Mum spent most her time sleeping, or out, meaning Andy had the run of things.
He made sure any doors and windows were always locked, curtains always drawn. Prisoners in our ‘home’.
We weren’t even
allowed to go outside without his permission.
There was emotional abuse, too. One morning, Andy locked me in the bathroom, only opening the door once to dump a pan of plain pasta and hot dogs on the floor.
‘That’ll have to last you the day,’ he laughed.
Where once I used to wake from my nightmares, now I was living one – with no way out.
Then, one day in late 2003, when I was 12, one of Mum’s friends visited.
He was still in touch with my biological dad, and I managed to convince him to give me an address.
A few days later, I turned up on Dad’s doorstep.
‘I’ve been trying to find you for years,’ he sobbed as we clung to each other.
He’d even gone through the rubbish of our last permanent home, hoping to find a forwarding address.
That night, I went home and told Mum.
‘I’ve found Dad,’ I said.
Andy, who had overheard, went white.
The next morning, he’d packed his bags and left.
I think he knew the moment Dad was back in the picture, his abuse was over. Mum was heartbroken. She didn’t understand it, tried to convince Andy to return. But he wasn’t having any of it. A few years after reconnecting with Dad, I finally felt ready to tell him what had happened.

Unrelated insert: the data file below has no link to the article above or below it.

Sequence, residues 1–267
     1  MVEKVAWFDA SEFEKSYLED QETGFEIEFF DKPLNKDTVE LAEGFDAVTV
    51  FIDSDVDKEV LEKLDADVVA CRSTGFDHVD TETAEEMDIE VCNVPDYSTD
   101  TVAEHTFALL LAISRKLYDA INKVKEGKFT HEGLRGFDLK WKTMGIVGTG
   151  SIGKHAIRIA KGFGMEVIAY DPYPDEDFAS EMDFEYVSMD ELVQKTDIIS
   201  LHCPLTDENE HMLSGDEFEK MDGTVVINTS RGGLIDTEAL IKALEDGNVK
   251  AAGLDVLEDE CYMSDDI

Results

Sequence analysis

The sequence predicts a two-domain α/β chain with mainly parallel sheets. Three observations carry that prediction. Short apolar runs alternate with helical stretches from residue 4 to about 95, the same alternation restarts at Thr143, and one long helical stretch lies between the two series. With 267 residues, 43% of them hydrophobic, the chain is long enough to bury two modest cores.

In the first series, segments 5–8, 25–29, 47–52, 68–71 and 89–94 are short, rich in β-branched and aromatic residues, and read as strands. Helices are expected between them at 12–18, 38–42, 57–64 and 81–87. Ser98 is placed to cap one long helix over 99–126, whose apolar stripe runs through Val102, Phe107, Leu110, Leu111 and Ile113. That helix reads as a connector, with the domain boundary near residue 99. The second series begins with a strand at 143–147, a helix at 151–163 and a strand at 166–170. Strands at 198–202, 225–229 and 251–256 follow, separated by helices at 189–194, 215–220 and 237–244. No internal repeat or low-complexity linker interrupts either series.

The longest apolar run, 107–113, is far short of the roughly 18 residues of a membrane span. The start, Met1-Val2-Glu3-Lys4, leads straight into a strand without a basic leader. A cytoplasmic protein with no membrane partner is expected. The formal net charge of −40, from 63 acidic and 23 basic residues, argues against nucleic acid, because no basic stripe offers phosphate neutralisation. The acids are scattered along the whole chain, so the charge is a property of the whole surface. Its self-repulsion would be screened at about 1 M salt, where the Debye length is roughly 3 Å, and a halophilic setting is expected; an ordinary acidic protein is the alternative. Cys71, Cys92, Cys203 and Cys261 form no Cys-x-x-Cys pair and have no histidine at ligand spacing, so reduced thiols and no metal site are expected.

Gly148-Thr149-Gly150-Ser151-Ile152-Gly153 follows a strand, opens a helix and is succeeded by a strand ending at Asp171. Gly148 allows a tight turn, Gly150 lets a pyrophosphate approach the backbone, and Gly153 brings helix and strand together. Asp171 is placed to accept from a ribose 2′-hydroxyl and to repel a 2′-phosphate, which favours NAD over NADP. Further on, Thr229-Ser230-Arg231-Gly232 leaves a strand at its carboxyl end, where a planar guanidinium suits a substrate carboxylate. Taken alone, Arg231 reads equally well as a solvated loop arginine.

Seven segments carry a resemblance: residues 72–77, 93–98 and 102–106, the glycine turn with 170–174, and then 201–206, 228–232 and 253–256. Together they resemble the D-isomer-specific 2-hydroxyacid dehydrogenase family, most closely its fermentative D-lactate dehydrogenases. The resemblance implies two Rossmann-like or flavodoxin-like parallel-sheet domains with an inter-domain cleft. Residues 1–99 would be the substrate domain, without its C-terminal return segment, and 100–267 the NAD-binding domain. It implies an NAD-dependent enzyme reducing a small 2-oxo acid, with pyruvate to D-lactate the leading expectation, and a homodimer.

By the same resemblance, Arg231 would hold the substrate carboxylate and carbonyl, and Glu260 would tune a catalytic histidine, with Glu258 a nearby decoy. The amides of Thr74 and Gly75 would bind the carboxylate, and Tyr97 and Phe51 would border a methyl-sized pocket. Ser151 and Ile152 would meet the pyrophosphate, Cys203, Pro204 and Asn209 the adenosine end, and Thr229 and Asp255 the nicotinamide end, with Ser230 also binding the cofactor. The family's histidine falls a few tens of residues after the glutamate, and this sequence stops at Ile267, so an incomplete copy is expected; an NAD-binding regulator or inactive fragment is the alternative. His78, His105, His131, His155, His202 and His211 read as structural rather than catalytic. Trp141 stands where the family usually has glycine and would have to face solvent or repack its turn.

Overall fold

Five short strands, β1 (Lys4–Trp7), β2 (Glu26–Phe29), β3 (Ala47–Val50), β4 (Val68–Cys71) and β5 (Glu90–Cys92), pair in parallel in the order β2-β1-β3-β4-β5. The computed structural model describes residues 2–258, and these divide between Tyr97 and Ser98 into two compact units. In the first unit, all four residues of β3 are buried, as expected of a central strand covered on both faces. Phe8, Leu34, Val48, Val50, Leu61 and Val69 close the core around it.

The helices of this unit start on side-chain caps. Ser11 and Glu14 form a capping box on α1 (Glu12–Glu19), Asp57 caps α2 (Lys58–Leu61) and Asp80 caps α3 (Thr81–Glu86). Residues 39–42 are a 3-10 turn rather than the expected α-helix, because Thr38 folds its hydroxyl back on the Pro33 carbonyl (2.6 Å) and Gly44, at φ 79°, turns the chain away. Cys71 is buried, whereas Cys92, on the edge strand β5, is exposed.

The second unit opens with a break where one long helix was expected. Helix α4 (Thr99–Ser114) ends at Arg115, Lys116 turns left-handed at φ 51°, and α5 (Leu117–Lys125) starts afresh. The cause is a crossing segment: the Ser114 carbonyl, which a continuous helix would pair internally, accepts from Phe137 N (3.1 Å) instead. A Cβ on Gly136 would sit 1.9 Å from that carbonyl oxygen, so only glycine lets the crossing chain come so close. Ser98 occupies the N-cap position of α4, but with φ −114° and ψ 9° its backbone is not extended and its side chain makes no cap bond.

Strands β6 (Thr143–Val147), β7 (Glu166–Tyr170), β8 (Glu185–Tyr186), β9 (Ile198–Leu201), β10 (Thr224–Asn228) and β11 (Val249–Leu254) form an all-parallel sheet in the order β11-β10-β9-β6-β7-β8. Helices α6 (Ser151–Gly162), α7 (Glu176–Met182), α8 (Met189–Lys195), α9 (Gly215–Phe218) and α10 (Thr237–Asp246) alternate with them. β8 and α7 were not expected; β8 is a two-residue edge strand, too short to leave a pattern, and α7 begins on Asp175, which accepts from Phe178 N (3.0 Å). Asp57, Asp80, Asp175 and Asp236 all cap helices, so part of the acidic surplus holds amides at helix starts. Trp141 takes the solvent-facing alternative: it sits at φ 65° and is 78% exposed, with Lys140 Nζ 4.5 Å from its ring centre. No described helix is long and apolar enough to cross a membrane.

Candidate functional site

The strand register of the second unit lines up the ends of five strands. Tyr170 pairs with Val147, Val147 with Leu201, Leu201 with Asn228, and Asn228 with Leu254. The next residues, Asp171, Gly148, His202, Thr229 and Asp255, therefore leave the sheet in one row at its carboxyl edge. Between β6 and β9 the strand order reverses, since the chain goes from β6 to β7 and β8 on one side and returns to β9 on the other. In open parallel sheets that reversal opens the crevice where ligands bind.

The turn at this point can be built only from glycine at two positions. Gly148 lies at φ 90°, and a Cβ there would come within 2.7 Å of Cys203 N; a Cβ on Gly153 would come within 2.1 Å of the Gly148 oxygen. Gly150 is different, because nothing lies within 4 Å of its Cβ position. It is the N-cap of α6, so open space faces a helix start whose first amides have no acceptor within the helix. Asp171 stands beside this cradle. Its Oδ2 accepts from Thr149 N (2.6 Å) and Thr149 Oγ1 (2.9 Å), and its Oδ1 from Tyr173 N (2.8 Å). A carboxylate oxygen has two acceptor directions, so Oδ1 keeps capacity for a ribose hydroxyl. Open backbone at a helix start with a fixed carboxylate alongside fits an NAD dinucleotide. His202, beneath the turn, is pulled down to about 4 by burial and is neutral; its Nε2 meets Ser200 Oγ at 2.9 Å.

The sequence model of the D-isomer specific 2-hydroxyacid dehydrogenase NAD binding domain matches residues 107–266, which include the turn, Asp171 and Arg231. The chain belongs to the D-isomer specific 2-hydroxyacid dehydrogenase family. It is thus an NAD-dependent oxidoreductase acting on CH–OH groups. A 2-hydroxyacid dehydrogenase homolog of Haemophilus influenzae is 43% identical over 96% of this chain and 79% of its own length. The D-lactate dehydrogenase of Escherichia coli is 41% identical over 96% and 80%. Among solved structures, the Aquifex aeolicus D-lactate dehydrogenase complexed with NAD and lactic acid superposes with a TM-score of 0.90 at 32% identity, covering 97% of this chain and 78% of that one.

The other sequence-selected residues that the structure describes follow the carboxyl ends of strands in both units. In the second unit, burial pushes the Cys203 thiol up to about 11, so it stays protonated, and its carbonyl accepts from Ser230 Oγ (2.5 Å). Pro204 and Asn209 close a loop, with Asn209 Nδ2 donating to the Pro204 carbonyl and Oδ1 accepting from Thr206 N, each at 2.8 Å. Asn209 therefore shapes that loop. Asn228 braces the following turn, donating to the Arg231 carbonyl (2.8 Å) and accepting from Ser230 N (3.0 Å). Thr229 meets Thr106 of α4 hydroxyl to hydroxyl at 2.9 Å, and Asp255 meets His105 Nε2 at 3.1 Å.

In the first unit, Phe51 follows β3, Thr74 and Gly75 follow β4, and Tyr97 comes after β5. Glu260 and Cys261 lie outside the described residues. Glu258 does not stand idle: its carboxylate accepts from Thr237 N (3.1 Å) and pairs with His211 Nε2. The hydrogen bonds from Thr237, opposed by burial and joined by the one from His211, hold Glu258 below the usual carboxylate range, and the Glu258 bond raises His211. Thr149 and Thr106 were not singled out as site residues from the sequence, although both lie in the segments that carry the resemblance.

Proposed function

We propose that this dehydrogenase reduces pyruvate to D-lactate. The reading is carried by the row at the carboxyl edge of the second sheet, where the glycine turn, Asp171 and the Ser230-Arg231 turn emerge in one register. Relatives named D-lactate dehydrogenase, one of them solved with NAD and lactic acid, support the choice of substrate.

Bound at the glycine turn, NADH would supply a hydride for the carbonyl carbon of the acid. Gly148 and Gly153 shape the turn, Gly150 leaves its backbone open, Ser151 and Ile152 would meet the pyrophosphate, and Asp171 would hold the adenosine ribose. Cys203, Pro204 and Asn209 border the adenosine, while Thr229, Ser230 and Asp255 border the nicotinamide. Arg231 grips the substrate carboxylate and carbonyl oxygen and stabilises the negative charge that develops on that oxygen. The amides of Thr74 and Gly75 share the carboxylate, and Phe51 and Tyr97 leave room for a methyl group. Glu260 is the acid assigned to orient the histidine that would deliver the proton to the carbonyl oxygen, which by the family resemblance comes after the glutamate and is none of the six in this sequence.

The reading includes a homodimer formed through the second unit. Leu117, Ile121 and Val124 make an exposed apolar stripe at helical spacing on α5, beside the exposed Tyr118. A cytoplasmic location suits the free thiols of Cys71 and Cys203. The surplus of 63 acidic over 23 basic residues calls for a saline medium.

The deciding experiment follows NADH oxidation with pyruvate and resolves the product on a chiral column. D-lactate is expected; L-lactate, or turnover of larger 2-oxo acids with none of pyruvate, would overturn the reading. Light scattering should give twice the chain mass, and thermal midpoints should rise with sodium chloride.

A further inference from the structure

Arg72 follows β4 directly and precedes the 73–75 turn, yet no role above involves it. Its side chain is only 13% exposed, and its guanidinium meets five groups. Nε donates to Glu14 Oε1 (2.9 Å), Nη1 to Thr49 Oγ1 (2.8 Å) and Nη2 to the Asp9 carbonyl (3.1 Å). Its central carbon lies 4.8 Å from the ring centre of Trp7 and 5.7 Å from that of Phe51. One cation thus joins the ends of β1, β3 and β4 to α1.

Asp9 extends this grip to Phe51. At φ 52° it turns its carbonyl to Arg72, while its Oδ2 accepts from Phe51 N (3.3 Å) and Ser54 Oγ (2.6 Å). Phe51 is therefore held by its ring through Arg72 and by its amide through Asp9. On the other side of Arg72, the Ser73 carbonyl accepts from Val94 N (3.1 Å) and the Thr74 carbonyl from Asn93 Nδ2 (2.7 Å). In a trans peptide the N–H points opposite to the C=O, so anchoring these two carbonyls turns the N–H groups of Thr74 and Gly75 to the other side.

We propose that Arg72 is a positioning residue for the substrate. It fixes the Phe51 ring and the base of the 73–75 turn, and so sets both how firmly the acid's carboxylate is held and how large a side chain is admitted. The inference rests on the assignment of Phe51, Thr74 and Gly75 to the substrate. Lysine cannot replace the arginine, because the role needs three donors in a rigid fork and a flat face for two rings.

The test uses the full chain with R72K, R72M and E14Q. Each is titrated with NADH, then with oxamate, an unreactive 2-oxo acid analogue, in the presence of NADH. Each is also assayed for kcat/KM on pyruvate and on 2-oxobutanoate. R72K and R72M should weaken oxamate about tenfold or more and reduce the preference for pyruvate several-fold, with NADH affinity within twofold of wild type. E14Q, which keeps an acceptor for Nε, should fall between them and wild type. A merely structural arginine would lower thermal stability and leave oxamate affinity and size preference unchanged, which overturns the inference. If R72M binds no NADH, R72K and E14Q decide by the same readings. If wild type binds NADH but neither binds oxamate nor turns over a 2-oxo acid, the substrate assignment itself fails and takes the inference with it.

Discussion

‘Andy abused me,’ I blurted on the phone one night a couple of years later, when I was 14.
Dad begged me to go to the police.
‘I just want to move on,’ I said. In the end, Dad called them. I was angry at first, but as they took my statement that evening, I started to feel I’d done the right thing.
Later, I was horrified to discover another victim had come forward, too.
Andy was arrested, a trial date set.
I felt sick, petrified I’d have to give evidence. But on the second day of the case at Crown Court, Andy decided to enter guilty pleas on six charges.
Andy Wilson, then 36, admitted two rapes, two counts of attempted rape, indecent assault and sexual intercourse with a girl under 13.
He had already admitted four counts of sexual activity with a child.
The court heard he’d fathered children with his second victim.
Utterly depraved. Shockingly, he even tried to justify his actions in court.
He asked his defence barrister to inform the judge at least ‘he was not a sexual offender in the bushes, waiting to pounce’. Sick.
In March 2009, Wilson was sentenced to 15 years in prison, with a further 10 to be served on licence.
I did my best to move on. Yet Wilson only served nine years before he was back on the streets – I hate the thought he could be nearby.
I have a family of my own now. Being a mum has changed my life, although I’m probably a little overprotective.
But my children mean the world to me.
I’ll never, ever let anyone hurt them the way Wilson hurt me.
Shockingly, he even tried to justify his actions
So young, I didn’t understand what was happening… …gradually, my childhood was stolen from me
Now I have a family of my own
Guilty: Andy Wilson